The Litmus Test: King Salman, Presidents Erdogan and Trump
Surrounded by the daily drops and horrifying leaks in the Turkish mass media about the crime, Jamal Khashoggi drama represents, today, one of the most important tests for a string of world leaders.
For the start, the accused actor of the drama that took place in its consulate from Istanbul, the Saudi crown prince Mohammed bin Salman and its main protector the US president Trump are both facing the world’s scrutiny. On the list, balancing the political intervention with his own hegemony, the Turkish president Erdogan is building and is maintaining a calculated pressure on the Saudi monarch. The Reis is clearly exploiting this political bonanza that unexpectedly appeared in between these two historically regional rivals. Around this trilateral, European leadership is split between a steely moral German opposition to any compromise with the kingdom (embraced by several other countries with little or no interests in Saudi oil) and one very mercurial Macron’s approach that publicly refused to accept any link between the Khashoggi murder and possible sanctions that could impede the development of French military contracts and Saudi’s investments in France. As for the Russians, being accused of the Skripal poisonings and other massive international blunders, they did not wish to get involved in the dispute. Moscow’s plan is to wait and see, with the aim to intervene only when the time is serving their own interests. What it is interesting is that neither China nor India expressed any stronger position, embracing the mild expression of consternation and a very short-lived preoccupation.
Facing the geopolitical reality of the region, every international leader does calculate that a severe storm in Saudi Arabia can create a tsunami on the international oil markets and difficulties to maintain a lower price of oil could increase tenfold. It is the pure calculation that makes every actor involved in the Middle East to cautiously conduct its business in order not to upset the Saudi royal family and its own huge appetite for lucrative investments.
For the main three leaders, King Salman, presidents Erdogan and Trump, the Khashoggi murder represents a fundamental challenge to their long-term positions.
If until now the geometry of the influence was clear, with Donald Trump as the main player, after the murder in Istanbul, Erdogan is taking the lead. Even if Turkey can not compare itself with the American influence in Saudi Arabia and region, nor to its economic importance, the fact that president Erdogan skilfully managed to position himself as the defender of the victim, offered him an opening to negotiate a stronger influence. This game is not to point towards an offensive crime, but to maximise the chances of Turkey to obtain more leverage against the different Saudi’s regional policies. President Erdogan declared, facing his own Parliament, that the murder happened in Turkey, as such the insult to its sovereignty and power status is not to be treated lightly. By weaponising the Khashoggi murder, Turkey is advancing its own agenda, imposing its neo-ottoman influence against the wealthy and able diplomacy of Saudi Arabia. For president Erdogan, the masterstroke was to oblige the White House to acknowledge the problem and pressure the Saudi kingdom to recognize the death of the journalist. Such powerful the blow was that President Trump did not have arguments to save his Saudi protege. Onwards, the Turkish strategy is very simple and will grow with the passing of each week. Yesterday, Turkey asked Saudis to indicate where the body of Khashoggi is. If positive, the answer from Riyadh will explode like a bomb. And will diminish even more the kingdom’s credibility. With this “step by step” policy in place, Turkey is managing a conflict in its favour and pushes everyone in the world (including inside Saudi Arabia) to question the leadership of the crown prince. The damage inflicted to his leadership and his power style is enormous and his future could be in question. Even if no one is talking openly about the future of the crown prince, Turkey knows that the daily political shocks administered to Riyadh and against the present Saudi leadership is forcing out unwanted questions and reactions.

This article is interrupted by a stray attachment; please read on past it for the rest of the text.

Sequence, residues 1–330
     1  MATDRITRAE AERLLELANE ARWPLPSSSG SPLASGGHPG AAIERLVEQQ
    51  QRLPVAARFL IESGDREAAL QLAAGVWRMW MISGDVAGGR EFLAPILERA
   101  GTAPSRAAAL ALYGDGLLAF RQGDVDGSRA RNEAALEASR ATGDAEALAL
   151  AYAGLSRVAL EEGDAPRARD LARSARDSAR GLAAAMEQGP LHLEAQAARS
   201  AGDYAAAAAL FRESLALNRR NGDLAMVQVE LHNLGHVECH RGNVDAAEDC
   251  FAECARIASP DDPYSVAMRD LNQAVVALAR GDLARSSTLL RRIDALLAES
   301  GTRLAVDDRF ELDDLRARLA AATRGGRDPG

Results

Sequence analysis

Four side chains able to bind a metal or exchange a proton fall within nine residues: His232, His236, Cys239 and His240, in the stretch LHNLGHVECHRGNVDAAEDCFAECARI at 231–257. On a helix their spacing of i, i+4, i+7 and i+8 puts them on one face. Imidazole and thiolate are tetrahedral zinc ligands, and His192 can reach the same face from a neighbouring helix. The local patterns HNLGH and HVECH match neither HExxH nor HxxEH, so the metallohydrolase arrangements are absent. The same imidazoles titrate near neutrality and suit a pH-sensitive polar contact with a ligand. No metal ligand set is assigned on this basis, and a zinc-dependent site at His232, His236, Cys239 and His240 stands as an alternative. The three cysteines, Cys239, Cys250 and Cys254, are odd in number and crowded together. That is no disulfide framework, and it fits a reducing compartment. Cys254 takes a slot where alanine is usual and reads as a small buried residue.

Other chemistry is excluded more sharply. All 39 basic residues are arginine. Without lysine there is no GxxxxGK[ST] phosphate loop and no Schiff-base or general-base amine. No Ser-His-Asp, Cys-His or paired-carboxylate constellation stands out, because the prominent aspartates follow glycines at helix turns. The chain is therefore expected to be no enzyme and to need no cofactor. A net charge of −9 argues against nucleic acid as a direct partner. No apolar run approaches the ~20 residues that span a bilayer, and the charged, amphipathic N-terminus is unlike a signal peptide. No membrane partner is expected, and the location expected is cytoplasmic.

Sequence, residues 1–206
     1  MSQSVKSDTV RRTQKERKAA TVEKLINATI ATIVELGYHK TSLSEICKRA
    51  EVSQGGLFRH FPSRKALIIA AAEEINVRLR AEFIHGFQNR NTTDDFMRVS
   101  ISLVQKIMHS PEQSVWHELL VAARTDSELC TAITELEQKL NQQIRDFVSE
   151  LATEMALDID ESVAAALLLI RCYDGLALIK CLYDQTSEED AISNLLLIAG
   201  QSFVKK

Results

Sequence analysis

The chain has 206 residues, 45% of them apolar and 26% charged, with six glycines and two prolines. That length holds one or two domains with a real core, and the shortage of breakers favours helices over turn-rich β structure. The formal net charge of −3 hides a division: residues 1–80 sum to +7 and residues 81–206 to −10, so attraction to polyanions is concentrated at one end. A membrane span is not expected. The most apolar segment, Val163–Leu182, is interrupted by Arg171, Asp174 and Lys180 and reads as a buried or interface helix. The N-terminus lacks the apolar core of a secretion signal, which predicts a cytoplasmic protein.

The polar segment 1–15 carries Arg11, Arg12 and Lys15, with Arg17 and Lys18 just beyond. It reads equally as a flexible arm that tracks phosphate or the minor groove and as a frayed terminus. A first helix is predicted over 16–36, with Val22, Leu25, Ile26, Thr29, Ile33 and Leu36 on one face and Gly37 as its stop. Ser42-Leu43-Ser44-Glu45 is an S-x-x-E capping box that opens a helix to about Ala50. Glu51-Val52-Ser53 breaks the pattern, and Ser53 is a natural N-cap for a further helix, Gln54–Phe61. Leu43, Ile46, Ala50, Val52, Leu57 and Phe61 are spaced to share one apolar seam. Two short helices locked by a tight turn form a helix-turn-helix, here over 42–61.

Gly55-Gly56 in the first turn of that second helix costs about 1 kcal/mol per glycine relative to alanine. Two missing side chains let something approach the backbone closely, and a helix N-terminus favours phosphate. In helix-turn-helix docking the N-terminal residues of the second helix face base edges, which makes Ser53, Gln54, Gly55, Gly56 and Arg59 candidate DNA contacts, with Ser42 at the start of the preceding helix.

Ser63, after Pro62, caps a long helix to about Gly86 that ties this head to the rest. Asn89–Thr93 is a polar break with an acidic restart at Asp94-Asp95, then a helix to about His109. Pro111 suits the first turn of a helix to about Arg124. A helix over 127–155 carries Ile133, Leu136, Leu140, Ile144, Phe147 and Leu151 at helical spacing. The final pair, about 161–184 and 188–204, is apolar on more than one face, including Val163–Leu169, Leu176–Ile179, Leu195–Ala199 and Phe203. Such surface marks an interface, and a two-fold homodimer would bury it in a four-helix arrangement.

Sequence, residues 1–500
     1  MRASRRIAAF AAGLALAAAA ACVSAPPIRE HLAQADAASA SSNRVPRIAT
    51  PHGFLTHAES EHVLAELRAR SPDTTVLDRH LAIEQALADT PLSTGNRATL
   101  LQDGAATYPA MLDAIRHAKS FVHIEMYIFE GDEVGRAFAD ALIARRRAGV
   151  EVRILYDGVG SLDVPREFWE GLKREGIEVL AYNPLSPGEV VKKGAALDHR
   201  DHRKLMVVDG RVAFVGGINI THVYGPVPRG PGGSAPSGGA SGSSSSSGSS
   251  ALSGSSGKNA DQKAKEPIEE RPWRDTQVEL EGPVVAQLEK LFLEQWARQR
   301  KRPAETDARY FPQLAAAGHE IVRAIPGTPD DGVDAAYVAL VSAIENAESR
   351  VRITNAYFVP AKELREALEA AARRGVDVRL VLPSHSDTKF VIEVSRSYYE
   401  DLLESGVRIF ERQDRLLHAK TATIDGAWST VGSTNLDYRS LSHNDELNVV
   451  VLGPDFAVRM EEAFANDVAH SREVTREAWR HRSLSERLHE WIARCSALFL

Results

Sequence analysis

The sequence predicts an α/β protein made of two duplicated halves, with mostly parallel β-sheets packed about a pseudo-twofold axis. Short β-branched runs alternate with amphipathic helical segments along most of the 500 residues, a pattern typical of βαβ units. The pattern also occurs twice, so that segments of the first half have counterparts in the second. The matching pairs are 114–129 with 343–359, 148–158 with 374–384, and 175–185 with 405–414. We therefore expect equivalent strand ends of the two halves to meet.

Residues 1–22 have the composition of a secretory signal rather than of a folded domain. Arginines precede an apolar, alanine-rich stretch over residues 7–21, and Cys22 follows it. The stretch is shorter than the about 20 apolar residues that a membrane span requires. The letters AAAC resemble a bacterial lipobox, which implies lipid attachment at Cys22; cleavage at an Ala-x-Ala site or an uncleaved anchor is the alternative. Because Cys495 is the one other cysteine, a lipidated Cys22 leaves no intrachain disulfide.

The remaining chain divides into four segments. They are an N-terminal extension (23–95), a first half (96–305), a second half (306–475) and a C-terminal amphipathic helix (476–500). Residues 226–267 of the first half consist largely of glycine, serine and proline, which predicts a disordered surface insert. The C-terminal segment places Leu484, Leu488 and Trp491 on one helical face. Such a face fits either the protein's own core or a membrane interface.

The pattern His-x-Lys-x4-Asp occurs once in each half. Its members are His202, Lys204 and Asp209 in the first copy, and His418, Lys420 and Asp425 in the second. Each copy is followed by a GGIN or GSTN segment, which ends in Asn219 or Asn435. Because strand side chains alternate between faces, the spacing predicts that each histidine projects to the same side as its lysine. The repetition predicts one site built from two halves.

The strong image of the first son of Khashoggi defying the crown prince, while receiving condolences for the death of his father, at the poorly staged meeting with the king, the steally regards between the two men, are all indicative for the existence of a growing internal tension between the royal family and its subjects. The Khashoggi murder is slowly but surely eroding the image of the crown prince. Even if the old king Salman reconfirmed the trust in his favourite son and with all the glamour and publicity surrounding the “Davos in the desert” conference, the Saudi monarchy can not hide the deep and menacing situation it is facing. Since its foundation, 85 years ago, during peace or war, the Saudi monarchy and kingdom did not see such global storm gathering against its own stability with unknown consequences for the future.
The views and opinions expressed in this article are those of the authors and do not necessarily reflect the views of The Kootneeti Team.